Brand Architecture

Not usually an important consideration for startups, but potentially something to keep in the back of your mind. Most startups typically name their company and their product the same and that makes perfect sense.

For Dubsat though, we have 4 main products or services which have been acquired over the years, and as a result our brand architecture got confusing.

To illustrate, our company name was Dubsat and our original product was also called Dubsat, and this worked really well until we started acquiring other companies and bringing their products under our company umbrella. Ultimately, we ended up in a position where we had sales team who was working for a company called Dubsat (known in the market for it’s TV advertising delivery service) but trying to sell workflow optimisation products to printing companies (through our Adsend product that was acquired a few years back). Not surprisingly, we ended up with a lot of confusion in the market as to what it is we actually did and we weren’t able to own any specific ‘positioning’ in our customers minds.

Again, I stress that this isn’t a problem worth spending much time on for startups, but potentially something to keep in mind (especially if you have a vision of releasing multiple, complimentary products).

Core Value Proposition

What is the core value using your product or serivce(s) delivers me as the customer. I cant even begin to tell you how many companies I see get this wrong, or at least don’t communicate it effectively. There’s been a lot of work done on core value propositions (check out MarketingExperiments work on the subject), but the easiest way to understand it is through examples:

  • Hubspot: Create marketing people love
  • Desk: Delight your customers with awesome customer support
  • Adsend (A Dubsat product): Simplify the way you deliver print advertisements to publishers

Notice the common thread. There’s no mention of the product, no jargon, no big-noting. It simply says what value you, as the customer, are going to get out of using the product or service. What value will your customers get?


While this sounds simple, it’s important to understand this from a customer perspective, not a development one.

I recommend writing your feature set internally but using customer interviews (or analytics if available) to understand and rank the features your users actually care about.

If you understand what features matter to your customers, you can build a message hierarchy that presents the most alluring features first, helping get your message across in our lack-of-attention economy.

I’ve also found it effective to categorise features in a logical order, often by workflow. Campaign Monitor do a great job of this on their website (notice how their features are put into categories based on how people work with their product, i.e. create beautiful emails, send campaigns, track your results, etc.) and it really helps people understand what the product does at a high-level as well as presenting the features available to people at each stage of usage.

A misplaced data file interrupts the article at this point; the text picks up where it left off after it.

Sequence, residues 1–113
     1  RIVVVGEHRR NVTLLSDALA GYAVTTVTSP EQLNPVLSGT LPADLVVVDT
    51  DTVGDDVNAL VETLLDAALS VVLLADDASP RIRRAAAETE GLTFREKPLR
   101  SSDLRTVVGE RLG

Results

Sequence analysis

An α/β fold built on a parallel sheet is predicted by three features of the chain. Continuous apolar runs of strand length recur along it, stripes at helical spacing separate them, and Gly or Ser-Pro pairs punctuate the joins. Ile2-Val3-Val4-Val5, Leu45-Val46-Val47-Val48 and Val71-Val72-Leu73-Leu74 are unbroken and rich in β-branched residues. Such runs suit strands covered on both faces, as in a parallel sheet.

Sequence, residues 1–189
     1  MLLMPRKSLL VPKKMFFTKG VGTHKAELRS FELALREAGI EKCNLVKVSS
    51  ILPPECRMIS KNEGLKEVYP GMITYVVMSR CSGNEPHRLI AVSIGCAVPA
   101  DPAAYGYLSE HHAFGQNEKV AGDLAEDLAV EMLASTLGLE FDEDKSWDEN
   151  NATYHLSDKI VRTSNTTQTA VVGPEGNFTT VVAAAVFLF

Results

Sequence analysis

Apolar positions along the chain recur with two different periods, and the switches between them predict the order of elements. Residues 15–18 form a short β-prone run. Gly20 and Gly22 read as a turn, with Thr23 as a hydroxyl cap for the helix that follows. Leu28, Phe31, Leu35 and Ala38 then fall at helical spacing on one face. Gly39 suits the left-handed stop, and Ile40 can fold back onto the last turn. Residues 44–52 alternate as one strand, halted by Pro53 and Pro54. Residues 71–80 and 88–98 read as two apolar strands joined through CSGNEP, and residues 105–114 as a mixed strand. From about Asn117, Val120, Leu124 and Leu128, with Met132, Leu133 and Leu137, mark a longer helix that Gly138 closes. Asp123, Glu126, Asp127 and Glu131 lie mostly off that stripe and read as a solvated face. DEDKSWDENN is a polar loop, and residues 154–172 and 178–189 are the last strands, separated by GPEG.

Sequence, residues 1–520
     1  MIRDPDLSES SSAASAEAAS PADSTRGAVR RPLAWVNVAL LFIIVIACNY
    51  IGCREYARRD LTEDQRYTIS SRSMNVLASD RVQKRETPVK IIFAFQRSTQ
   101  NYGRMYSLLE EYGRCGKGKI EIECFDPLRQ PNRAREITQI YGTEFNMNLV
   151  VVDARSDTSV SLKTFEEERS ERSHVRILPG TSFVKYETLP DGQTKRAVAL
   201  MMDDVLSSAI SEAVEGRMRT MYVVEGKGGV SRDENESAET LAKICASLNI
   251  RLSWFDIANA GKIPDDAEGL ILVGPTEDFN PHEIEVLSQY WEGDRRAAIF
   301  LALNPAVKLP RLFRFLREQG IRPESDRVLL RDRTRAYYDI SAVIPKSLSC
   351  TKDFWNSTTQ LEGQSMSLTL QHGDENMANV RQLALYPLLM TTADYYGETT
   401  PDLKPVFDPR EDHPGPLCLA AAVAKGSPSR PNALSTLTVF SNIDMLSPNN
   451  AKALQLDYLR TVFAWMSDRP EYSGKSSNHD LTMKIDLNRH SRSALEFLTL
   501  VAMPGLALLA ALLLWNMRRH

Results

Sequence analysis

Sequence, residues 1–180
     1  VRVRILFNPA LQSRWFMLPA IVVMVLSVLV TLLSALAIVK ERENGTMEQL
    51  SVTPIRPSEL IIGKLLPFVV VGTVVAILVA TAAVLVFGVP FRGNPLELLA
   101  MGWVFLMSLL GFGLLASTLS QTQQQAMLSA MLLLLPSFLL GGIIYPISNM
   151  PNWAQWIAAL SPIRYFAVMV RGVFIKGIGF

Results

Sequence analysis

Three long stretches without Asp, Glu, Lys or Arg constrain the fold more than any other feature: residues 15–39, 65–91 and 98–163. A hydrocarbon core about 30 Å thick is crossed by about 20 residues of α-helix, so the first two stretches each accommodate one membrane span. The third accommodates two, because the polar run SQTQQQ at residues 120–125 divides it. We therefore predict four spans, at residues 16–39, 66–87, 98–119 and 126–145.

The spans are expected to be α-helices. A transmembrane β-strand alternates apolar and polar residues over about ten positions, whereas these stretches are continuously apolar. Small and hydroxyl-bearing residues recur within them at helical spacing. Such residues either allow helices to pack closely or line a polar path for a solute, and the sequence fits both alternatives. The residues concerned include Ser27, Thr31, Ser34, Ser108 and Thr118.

Again, this is something that needs to be developed not internally, but externally through customer interviews.

I’ve recently been spending a lot of time interviewing customers to understand what problems our product solves and what benefits it brings, and I’ve found customers are telling me benefits of using our product that I never heard from internal interviews with sales staff, management, etc.

Interview your customers and ask them what benefits they get, and then create a hierarchy of these benefits based on how many times you hear them from customers (or better yet, create multiple hierarchies for different customer segments).

Activating the brand

All of this is a waste of time if it’s simply words on paper in an unread folder or intranet. You absolutely must use this research as a foundation for your marketing efforts.

One of the companies who does this best is Red Bull. It’s pretty easy to take a guess at what Red Bull’s brand platform may look like, but whats more interesting to study is their activation.

Instead of investing in traditional advertising telling everybody about their drinks, they spend their marketing dollars ‘activating their brand’ by sponsoring every known extreme sports athlete or team on the planet and producing epic content around them, using the brand values each of these people or teams have to bridge them over to their own brand. Not only are Red Bull a case study in content marketing, they are a brilliant case study in branding as well.

The idea of activating the brand in B2B world is similar. Instead of spending money on doing brand building activities or campaigns, what you need to do is filter your brand through everything you do.

To illustrate through example, lets look at Hubspot again. If you consider that one of their main brand values is ‘Solve for the customer’, you will see this core value coming through in a lot of their marketing activities. For instance, the main video on their homepage starts with the sentence ‘It’s tough being a marketer today’. Too me, this instantly says they understand their customers problems, and are actively focusing on ‘solving for the customer’.